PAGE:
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Text Identifier:"^upon_the_snow_clad_earth_without$"

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Upon the snow clad earth without

Author: Richard R. Chope Appears in 2 hymnals Hymnal Title: Calvin Hymnary Project

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[Upon the snow-clad earth without]

Composer: H. J. Gauntlett Appears in 1 hymnal Hymnal Title: Carols Old and Carols New Incipit: 51117 12114 43212 Used With Text: Upon the snow-clad earth without
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[Upon the snow-clad earth without]

Composer: Arthur Sullivan Appears in 2 hymnals Hymnal Title: Carols Old and Carols New Incipit: 51111 17123 16543 Used With Text: Upon the snow-clad earth without

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Upon the snow-clad earth without

Hymnal: Carols Old and Carols New #229 (1916) Hymnal Title: Carols Old and Carols New Topics: Christmas Languages: English Tune Title: [Upon the snow-clad earth without]
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Upon the snow-clad earth without

Hymnal: Carols Old and Carols New #308 (1916) Hymnal Title: Carols Old and Carols New Topics: Christmas Languages: English Tune Title: [Upon the snow-clad earth without]

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Richard R. Chope

1830 - 1928 Hymnal Title: Calvin Hymnary Project Author of "Upon the snow clad earth without" Chope, Richard Robert, M.A., born Sept. 21, 1830, educated at Exeter College, Oxford, B.A., 1855, and took Holy Orders as Curate of Stapleton, 1856. During his residence at Stapleton the necessities of the Choir led him to plan his Congregational Hymn and Tune Book, published in 1857. In 1858 he took the Curacy of Sherborne, Dorset; in the following year that of Upton Scudamore, where he undertook the training of the Chorus of the Warminster district for the first Choral Festival in Salisbury Cathedral; and in 1861 that of Brompton. The enlarged edition of The Congregational Hymn Book was published 1862, and The Canticles, Psalter, &c, of the Prayer Book, Noted and Pointed, during the same year. In 1865 he was preferred to the parish of St. Augustine's, Queen's Gate, South Kensington, and subsequently published Carols for Use in Church during Christmas and Epiphany, 1875; Carols for Easier and Other Tides, 1887; and other works. Mr. Chope has been one of the leaders in the revival and reform of Church Music as adapted to the Public Services. He was one of the originators of The Choir and Musical Record, and was for some time the proprietor and assistant editor of the Literary Churchman. --John Julian, Dictionary of Hymnology (1907)

Henry J. Gauntlett

1805 - 1876 Person Name: H. J. Gauntlett Hymnal Title: Carols Old and Carols New Composer of "[Upon the snow-clad earth without]" in Carols Old and Carols New Henry J. Gauntlett (b. Wellington, Shropshire, July 9, 1805; d. London, England, February 21, 1876) When he was nine years old, Henry John Gauntlett (b. Wellington, Shropshire, England, 1805; d. Kensington, London, England, 1876) became organist at his father's church in Olney, Buckinghamshire. At his father's insistence he studied law, practicing it until 1844, after which he chose to devote the rest of his life to music. He was an organist in various churches in the London area and became an important figure in the history of British pipe organs. A designer of organs for William Hill's company, Gauntlett extend­ed the organ pedal range and in 1851 took out a patent on electric action for organs. Felix Mendelssohn chose him to play the organ part at the first performance of Elijah in Birmingham, England, in 1846. Gauntlett is said to have composed some ten thousand hymn tunes, most of which have been forgotten. Also a supporter of the use of plainchant in the church, Gauntlett published the Gregorian Hymnal of Matins and Evensong (1844). Bert Polman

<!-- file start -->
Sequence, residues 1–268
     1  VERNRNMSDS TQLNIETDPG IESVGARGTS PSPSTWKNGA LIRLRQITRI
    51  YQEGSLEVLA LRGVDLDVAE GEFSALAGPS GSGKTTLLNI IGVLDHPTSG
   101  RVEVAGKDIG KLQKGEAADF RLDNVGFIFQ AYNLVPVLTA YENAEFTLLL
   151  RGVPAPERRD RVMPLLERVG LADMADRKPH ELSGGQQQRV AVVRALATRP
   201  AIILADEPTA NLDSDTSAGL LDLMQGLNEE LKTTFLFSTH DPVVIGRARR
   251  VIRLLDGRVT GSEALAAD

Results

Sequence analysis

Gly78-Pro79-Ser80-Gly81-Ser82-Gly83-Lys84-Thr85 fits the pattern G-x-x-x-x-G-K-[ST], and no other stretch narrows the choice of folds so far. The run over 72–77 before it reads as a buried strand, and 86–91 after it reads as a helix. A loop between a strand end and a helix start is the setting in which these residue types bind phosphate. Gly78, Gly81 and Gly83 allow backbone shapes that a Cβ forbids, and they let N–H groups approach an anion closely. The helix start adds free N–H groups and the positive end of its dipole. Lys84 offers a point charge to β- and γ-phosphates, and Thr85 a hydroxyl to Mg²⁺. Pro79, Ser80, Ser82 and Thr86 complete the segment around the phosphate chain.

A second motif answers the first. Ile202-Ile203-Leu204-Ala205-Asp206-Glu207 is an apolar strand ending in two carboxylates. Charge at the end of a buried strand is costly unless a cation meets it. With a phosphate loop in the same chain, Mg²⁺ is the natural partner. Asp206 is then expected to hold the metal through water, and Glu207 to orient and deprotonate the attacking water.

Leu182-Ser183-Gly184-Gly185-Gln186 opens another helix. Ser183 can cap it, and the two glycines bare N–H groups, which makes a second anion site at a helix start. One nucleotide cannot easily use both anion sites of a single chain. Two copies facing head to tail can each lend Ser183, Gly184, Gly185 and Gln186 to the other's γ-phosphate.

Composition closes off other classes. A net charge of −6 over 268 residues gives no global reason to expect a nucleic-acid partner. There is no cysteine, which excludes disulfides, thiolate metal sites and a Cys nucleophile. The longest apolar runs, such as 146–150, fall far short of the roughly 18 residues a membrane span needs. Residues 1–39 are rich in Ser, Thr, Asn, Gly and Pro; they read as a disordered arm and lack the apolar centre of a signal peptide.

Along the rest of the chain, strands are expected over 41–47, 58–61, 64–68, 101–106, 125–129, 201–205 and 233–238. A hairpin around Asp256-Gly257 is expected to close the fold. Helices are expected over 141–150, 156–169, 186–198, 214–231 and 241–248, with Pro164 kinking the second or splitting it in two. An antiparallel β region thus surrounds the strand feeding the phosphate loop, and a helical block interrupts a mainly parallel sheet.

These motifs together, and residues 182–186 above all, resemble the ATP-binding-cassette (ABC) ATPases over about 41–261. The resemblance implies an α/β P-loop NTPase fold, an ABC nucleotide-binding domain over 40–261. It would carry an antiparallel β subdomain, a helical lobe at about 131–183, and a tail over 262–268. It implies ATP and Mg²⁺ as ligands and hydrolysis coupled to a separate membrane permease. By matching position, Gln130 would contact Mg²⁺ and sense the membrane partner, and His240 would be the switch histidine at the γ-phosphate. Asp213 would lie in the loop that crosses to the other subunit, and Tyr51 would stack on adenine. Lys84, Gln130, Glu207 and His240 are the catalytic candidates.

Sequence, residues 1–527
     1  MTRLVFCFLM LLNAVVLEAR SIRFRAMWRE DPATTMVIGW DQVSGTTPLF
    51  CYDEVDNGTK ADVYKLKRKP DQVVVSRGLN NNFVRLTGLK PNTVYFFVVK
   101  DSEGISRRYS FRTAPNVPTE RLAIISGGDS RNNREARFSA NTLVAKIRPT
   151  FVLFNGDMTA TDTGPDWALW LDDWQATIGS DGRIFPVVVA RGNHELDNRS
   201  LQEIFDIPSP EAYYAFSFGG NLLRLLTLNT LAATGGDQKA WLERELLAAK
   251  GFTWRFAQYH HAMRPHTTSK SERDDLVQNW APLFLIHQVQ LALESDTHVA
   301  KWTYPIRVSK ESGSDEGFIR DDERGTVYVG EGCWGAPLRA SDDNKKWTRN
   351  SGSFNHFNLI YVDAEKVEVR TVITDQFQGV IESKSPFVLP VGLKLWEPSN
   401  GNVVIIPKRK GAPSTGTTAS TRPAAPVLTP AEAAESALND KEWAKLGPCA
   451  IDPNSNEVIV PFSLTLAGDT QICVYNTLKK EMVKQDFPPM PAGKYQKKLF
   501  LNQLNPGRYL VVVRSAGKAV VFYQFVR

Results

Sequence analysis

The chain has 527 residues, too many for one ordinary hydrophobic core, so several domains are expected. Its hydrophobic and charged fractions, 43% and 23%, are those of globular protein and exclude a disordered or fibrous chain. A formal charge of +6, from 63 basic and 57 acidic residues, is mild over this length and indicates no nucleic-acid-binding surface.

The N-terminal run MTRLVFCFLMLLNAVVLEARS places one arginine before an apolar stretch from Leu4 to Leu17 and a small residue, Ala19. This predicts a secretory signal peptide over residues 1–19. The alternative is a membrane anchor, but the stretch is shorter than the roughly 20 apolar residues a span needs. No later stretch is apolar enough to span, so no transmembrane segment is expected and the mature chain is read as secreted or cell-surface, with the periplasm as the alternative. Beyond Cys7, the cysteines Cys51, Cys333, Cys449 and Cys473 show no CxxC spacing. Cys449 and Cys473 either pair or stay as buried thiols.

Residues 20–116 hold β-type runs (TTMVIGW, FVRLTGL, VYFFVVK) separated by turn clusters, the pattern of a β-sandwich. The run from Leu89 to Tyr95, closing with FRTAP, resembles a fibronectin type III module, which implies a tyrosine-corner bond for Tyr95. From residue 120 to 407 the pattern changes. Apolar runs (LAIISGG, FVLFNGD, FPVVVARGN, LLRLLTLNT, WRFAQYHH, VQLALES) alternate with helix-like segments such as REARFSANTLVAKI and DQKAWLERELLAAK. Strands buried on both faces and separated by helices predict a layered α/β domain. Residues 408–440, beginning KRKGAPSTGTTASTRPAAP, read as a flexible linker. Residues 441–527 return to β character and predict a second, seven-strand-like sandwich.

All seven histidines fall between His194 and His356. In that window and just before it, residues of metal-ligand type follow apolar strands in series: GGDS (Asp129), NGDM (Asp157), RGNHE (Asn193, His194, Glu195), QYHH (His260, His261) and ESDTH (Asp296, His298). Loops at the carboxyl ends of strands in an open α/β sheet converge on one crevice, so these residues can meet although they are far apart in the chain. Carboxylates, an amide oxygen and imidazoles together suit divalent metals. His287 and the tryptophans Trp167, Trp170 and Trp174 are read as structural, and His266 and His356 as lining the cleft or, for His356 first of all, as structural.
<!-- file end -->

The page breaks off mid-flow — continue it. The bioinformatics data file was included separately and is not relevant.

Arthur Sullivan

1842 - 1900 Hymnal Title: Carols Old and Carols New Composer of "[Upon the snow-clad earth without]" in Carols Old and Carols New Arthur Seymour Sullivan (b Lambeth, London. England. 1842; d. Westminster, London, 1900) was born of an Italian mother and an Irish father who was an army band­master and a professor of music. Sullivan entered the Chapel Royal as a chorister in 1854. He was elected as the first Mendelssohn scholar in 1856, when he began his studies at the Royal Academy of Music in London. He also studied at the Leipzig Conservatory (1858-1861) and in 1866 was appointed professor of composition at the Royal Academy of Music. Early in his career Sullivan composed oratorios and music for some Shakespeare plays. However, he is best known for writing the music for lyrics by William S. Gilbert, which produced popular operettas such as H.M.S. Pinafore (1878), The Pirates of Penzance (1879), The Mikado (1884), and Yeomen of the Guard (1888). These operettas satirized the court and everyday life in Victorian times. Although he com­posed some anthems, in the area of church music Sullivan is best remembered for his hymn tunes, written between 1867 and 1874 and published in The Hymnary (1872) and Church Hymns (1874), both of which he edited. He contributed hymns to A Hymnal Chiefly from The Book of Praise (1867) and to the Presbyterian collection Psalms and Hymns for Divine Worship (1867). A complete collection of his hymns and arrangements was published posthumously as Hymn Tunes by Arthur Sullivan (1902). Sullivan steadfastly refused to grant permission to those who wished to make hymn tunes from the popular melodies in his operettas. Bert Polman



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